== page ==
New city manager accepted the city council's offer and will move from Seldovia to Dillingham by Nov. 8. The retired U.S. Army Lieutenant Colonel is "excited to get to Dillingham and work with the Mayor, City Council and Citizens to continue the momentum developed in the City.”
After a lengthy search, the City of Dillingham announced Tod Larson has been hired as city manager.
Mayor Alice Ruby said the city council was pleased approve the contract with Larson, who is currently the Seldovia city manager.
“We expect him to actually be here and at his desk on about November 8,” she said.
Larson has been in Seldovia for a little over a year. Prior to that he administered the county jail in Cody, Wyoming, for six years, and before that Larson spent 25 years as an officer in the U.S. Army, retiring as a Lieutenant Colonel.
“I’ve done numerous jobs that are applicable, such as emergency management to running a jail, I was a certified welder for a while, so I have a really broad background. I have a lot of leadership and management depth, and working at pretty high levels,” Larson said during an August visit to town with two other final candidates.
The council was impressed, Ruby said, with Larson’s interactions with the community, city staff, and the council, and his ongoing studies into this second career.
“He has a Masters in Public Administration from the University of Wyoming, and he’s been working on a Masters of Legal Studies. So those were good indications of someone who believes in continuing to learn, and continuing to get insight into how things are done now,” she said.
Interim manager Don Moore, for whom Ruby and the council have tremendous respect, will depart his post in early October. Former manager Rose Loera has agreed to help in a transition period until Larson’s arrival in November.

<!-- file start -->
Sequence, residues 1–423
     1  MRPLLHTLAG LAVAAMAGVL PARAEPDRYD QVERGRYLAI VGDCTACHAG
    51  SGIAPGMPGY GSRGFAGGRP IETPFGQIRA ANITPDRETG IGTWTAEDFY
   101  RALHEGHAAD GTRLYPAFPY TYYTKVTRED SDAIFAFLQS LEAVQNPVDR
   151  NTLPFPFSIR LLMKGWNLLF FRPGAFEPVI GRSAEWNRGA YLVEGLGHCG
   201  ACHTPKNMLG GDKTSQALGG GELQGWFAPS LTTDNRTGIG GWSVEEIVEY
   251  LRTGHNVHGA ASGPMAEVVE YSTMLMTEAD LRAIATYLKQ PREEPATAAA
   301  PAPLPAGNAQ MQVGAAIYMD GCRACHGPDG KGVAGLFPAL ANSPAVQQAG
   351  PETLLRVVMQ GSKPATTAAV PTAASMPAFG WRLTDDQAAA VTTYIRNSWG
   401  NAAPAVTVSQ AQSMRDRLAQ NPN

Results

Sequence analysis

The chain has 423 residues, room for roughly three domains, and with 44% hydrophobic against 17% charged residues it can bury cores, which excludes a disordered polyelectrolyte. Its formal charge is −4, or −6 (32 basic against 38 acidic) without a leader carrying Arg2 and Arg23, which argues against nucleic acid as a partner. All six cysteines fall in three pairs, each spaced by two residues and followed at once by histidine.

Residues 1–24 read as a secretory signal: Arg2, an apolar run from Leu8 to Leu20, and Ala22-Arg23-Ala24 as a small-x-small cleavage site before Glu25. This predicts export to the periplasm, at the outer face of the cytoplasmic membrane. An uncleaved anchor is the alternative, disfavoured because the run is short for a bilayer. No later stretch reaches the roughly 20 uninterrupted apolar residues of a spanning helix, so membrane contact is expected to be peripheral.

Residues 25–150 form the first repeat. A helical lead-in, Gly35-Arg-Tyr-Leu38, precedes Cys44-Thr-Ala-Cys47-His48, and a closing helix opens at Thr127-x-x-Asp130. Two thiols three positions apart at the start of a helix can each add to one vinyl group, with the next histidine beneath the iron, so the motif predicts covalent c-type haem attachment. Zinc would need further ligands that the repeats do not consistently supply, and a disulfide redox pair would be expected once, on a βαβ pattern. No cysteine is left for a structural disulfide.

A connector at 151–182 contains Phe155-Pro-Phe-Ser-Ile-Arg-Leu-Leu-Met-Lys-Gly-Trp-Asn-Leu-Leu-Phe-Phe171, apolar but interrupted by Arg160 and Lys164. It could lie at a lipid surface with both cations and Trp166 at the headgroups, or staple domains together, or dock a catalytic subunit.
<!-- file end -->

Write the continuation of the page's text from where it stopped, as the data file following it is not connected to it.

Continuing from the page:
Dillingham’s city manager is paid $110,000 annually, and the council agreed to pay Larson a $10,000 hiring bonus to help cover moving costs, plus a one-time housing allowance of $2,500. He will also be allowed to use a city vehicle until the spring barge arrives.
According to the consultant Dillingham used in its hiring process, the salary is lower than similar positions in Bethel, Kotzebue, Kodiak, Cordova, Valdez, and Sitka, but higher than Haines.
On a posting for the job, among the “top ten reasons” to be the Dillingham city manager are the “incredible commercial and subsistence fishing”, “a community with heart”, experienced staff and committed mayor and city council, and “challenges that matter”.
“Every community has challenges. Dillingham is no different. Its operating budget is $12.1 million. Revenues come from: 6% Sales Tax, a Property Tax of 13.0 mills and Special Taxes: 6% Gaming Tax; 10% Alcohol/Accommodation Tax. Needs: the Waste Water Lagoon needs upgrading. Harbor erosion requires bank stabilization,” read the job posting.
Larson said he’s up to the task.
“I’m excited to get to Dillingham and work with the Mayor, City Council and Citizens to continue the momentum developed in the City.”
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